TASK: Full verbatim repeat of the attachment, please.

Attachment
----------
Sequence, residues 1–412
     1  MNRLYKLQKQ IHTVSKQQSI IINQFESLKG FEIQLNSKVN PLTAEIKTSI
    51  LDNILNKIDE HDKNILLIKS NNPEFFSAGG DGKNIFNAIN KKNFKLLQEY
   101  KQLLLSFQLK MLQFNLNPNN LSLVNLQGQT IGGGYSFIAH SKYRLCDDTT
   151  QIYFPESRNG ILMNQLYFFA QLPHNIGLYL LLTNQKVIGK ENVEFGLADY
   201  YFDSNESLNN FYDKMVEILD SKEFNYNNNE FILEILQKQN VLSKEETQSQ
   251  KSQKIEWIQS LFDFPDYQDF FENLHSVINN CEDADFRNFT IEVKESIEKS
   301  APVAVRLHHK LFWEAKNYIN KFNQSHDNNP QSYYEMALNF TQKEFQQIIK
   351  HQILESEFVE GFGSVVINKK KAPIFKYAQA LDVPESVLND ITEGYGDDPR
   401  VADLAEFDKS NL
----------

Sequence, residues 1–412
     1  MNRLYKLQKQ IHTVSKQQSI IINQFESLKG FEIQLNSKVN PLTAEIKTSI
    51  LDNILNKIDE HDKNILLIKS NNPEFFSAGG DGKNIFNAIN KKNFKLLQEY
   101  KQLLLSFQLK MLQFNLNPNN LSLVNLQGQT IGGGYSFIAH SKYRLCDDTT
   151  QIYFPESRNG ILMNQLYFFA QLPHNIGLYL LLTNQKVIGK ENVEFGLADY
   201  YFDSNESLNN FYDKMVEILD SKEFNYNNNE FILEILQKQN VLSKEETQSQ
   251  KSQKIEWIQS LFDFPDYQDF FENLHSVINN CEDADFRNFT IEVKESIEKS
   301  APVAVRLHHK LFWEAKNYIN KFNQSHDNNP QSYYEMALNF TQKEFQQIIK
   351  HQILESEFVE GFGSVVINKK KAPIFKYAQA LDVPESVLND ITEGYGDDPR
   401  VADLAEFDKS NL